A high octane episode that delivers an emotional and tension-filled finale full of surprises.
- 🚀Gordo and Tracy's chemistry.
- 🚀Women getting the job done.
- 🚀So many tense sequences that shine a light on the entire creative team.
- 🚀The final credits song choice and what it leads to.
- 🚀Kelly's adoption storyline.
- 🚀Everything to do with Karen and her relationship with Danny.
This post contains For All Mankind spoilers.
Sending guns to the moon was never going to end well on For All Mankind when two Super Powers are jostling for territory. Even in outer space, similar issues can flare up as on Earth and it doesn’t take much to pull the trigger. Events at the end of Episode 8, which saw the first bullets being fired on the moon led to the horrifying death of one Soviet cosmonaut who was burned alive in his suit (after the bullet caused a spark and ignited the oxygen). The other Russian survived his gunshot wound and instead of being angry at this act of aggression, he instead asked for political asylum. Yes, you can even defect on the moon, and while this initial flurry of gunfire was over a misunderstanding — the Soviets were reaching for translation cards not weapons when approached — the penultimate episode cliffhanger suggested peace is no longer an option when the USSR attacked the US Jamestown lunar base.
The premise of the Apple TV+ drama is, of course, a historical “what if?” In the case of this alt timeline, Ronald D. Moore’s series kicked off with the Soviets beating Neil Armstrong and Buzz Aldrin to the first moon landing in 1969 and the changes this would cause. Most notably for this narrative, women astronauts were introduced far earlier and NASA was not defunded. In the second season, Reagan was elected as president in 1976 rather than 1980, and the moon has become a hotbed of action. The DOJ has been running top-secret operations on a need-to-know basis, which has seen Ellen (Jodi Balfour) on a video hotline to the president. Meanwhile, Margo (Wrenn Schmidt) might be the Space Center’s director but she has also been kept in the dark about some major operational nuclear additions that come to a head in the finale. Running at nearly 80 minutes, the extended finale has a lot of different threads (and conflicts) to tie up before propelling the audience further into the future. Director Sergio Mimica-Green manages to keep up the tension switching between the various pressure points. It is an emotional end to the season and an episode I won't be forgetting in a long time.
When the Soviets entered the Jamestown base last week, they effectively sealed off the majority of the US crew. Unbeknown to them, Gordo (Michael Dorman) and Tracy (Sarah Jones) were in the galley having a potential romance rekindling moment and this gives them a secret weapon. Gordo has spent the whole season trying to shed the pounds (both literal and figurative) and rid himself of the ghosts that have haunted him since he was last on the moon. Jamestown was a lot smaller back then and he experienced hallucinations that almost caused him to take his helmet off while outside the safety of the base. It got so bad that Danielle Poole (Krys Marshall) broke her arm so Gordo wouldn’t get declared medically unfit to return to the moon if the day arose. That day did come nearly a decade later and while Tracy has since remarried, he has already declared his intention of wooing her back. Normally, I would find a plot like this to be an annoying sideshow but the writers have put in the work with this pairing and it is far from a derivative distraction. The chemistry between Dorman and Jones crackles with the ease and intensity of a couple who still have something cooking. Gordo has made plenty of mistakes but instead of deflecting, he owns his terrible behavior and his words are far from hollow. Tracy’s arc this season has seen her grapple with America’s Sweetheart tagline while still being an active astronaut. She’s impulsive and messy without becoming a caricature, and her initially listless time on Jamestown established her as more than just a love interest.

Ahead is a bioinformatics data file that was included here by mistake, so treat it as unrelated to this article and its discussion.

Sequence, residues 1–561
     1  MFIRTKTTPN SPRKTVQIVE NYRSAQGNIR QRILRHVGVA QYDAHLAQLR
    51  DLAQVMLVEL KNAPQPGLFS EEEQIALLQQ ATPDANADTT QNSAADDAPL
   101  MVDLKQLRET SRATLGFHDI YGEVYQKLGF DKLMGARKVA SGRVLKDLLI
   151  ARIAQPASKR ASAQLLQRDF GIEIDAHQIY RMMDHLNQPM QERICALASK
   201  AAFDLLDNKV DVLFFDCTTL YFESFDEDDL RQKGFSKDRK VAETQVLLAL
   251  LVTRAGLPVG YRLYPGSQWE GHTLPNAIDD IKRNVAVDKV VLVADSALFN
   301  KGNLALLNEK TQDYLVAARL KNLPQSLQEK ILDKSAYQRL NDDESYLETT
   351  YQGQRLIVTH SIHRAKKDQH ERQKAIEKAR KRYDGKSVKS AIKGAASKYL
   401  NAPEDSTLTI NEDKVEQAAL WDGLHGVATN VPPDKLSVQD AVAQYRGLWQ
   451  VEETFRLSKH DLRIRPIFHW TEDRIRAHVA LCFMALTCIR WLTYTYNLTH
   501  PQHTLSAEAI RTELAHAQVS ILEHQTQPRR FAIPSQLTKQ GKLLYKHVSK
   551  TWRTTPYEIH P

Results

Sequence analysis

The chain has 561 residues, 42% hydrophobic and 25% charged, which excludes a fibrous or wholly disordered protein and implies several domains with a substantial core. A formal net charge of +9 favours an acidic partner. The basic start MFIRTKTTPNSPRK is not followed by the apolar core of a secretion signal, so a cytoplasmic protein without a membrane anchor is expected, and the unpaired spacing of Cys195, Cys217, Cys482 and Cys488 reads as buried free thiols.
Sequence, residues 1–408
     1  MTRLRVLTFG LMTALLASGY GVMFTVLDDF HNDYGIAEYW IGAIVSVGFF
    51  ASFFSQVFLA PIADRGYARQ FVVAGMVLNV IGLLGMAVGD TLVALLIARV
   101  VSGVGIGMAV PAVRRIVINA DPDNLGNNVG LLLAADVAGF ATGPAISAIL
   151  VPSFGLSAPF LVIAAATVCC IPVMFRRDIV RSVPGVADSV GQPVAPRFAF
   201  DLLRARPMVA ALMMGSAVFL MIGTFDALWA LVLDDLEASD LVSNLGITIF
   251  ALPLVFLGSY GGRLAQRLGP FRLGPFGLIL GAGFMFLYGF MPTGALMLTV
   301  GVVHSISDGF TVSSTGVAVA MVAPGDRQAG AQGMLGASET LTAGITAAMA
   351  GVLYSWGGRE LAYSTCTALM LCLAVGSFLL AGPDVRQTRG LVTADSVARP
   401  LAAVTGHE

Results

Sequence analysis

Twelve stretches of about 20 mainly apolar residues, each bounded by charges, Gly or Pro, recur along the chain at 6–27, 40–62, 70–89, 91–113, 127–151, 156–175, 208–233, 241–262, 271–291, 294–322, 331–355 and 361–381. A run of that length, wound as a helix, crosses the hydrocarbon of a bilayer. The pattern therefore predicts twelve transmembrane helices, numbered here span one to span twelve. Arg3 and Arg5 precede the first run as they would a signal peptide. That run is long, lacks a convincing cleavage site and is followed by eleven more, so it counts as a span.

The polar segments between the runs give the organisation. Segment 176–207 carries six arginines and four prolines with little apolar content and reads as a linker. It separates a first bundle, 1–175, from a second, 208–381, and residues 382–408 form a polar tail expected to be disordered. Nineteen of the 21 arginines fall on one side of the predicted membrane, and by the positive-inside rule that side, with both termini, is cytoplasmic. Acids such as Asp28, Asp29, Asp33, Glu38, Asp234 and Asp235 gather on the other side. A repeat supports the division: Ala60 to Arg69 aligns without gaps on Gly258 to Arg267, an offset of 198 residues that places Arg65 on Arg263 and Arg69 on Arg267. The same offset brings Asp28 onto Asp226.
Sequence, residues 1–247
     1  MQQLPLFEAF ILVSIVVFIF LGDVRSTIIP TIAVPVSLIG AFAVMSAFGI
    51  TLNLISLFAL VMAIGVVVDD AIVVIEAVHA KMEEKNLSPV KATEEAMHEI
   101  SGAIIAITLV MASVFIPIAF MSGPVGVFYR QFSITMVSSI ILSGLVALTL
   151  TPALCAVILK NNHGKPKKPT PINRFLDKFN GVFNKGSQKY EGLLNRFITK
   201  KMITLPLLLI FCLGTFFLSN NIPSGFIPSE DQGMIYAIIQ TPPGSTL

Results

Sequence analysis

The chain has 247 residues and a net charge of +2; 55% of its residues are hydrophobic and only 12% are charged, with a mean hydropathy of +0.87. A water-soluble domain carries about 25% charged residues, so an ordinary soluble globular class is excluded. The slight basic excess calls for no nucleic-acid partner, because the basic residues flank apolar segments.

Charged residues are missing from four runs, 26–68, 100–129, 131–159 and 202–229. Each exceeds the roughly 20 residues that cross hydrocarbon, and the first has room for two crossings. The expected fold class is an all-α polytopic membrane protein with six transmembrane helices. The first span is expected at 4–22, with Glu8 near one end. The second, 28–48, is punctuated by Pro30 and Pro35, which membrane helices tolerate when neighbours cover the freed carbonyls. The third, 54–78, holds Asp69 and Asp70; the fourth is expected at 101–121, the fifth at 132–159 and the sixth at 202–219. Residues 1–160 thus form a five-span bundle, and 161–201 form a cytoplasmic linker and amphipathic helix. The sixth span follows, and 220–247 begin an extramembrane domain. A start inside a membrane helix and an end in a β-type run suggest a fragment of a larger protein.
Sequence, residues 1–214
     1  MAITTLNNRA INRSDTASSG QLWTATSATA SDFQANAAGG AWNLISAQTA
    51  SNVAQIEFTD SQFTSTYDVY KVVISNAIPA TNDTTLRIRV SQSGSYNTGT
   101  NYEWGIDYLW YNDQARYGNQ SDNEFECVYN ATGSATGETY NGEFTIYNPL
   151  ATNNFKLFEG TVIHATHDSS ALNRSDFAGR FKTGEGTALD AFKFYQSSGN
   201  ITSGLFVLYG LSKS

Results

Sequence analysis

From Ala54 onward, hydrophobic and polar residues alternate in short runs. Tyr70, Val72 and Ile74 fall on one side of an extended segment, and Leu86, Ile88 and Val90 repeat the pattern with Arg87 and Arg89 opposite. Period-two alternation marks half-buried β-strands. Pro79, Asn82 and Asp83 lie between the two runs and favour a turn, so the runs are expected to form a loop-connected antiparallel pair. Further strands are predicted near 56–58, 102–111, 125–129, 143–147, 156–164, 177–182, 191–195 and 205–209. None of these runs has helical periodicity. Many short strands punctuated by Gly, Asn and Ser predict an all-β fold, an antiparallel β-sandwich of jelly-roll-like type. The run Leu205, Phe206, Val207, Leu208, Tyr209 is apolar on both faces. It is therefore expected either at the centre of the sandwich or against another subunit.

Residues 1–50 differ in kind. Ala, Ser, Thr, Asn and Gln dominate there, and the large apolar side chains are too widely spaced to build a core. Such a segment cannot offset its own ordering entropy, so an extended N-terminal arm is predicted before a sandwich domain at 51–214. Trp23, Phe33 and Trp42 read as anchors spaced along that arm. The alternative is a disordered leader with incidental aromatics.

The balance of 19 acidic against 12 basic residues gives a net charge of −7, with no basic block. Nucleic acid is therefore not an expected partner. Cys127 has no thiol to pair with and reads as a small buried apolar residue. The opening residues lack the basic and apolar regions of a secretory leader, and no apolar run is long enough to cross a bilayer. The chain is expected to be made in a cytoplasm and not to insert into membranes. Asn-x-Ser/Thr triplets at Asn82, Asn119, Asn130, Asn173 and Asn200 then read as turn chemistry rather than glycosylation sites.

I could easily write an entire review based on this pair being stuck in this dire situation but that magnum opus will have to wait. Instead, here is a shorter version of why this particular storyline resonates and caused me to well up every time they appeared on my screen during a second watch. The galley is a reminder of Gordo’s trauma, but he has reclaimed this room and it is no longer represents his cycle into madness. Contacting Houston using the old video link-up, the divorced couple is told about the imminent nuclear meltdown (caused by the tense gunfight Tracy witnesses) that will kill everyone on the moon. The solution to this disaster would be easy but they are without suits, so it becomes a suicide mission for the person who undertakes it. Gordo immediately offers his services and his trip back to the moon is even more eventful than the one before.
Fashioning a suit out of duct tape feels like a Project Runway astronaut twist (very on-trend!) and Gordo is told to cover every inch of their skin because the surface of the moon is more than 200 Fahrenheit. He has about 15 seconds to complete the task before he will pass out, but he doesn’t end up making this trip alone. Defying orders is a running theme in the finale and Tracy refuses to let her ex go out alone because it is unlikely he will be able to flip the switch and change cables within this timeframe. “The hell I’m not, Gordo,” she tells him when he rejects her offer. What follows next is an objectively hilarious moment involving duct tape followed by an incredibly stressful sequence. They do look ridiculous in the DIY suits (okay, Tracy does make hers sing) and this absurd quality is quickly forgotten when the adhesive quickly gives way and the peril becomes pronounced. I was convinced one of them was going to die, so the elation I felt when they made it back before passing out was high. Cut to the cruelty of the reveal when both of them are found lifeless lying in each other’s arms. They saved the base and everyone on the moon (American and Soviet) but died doing so.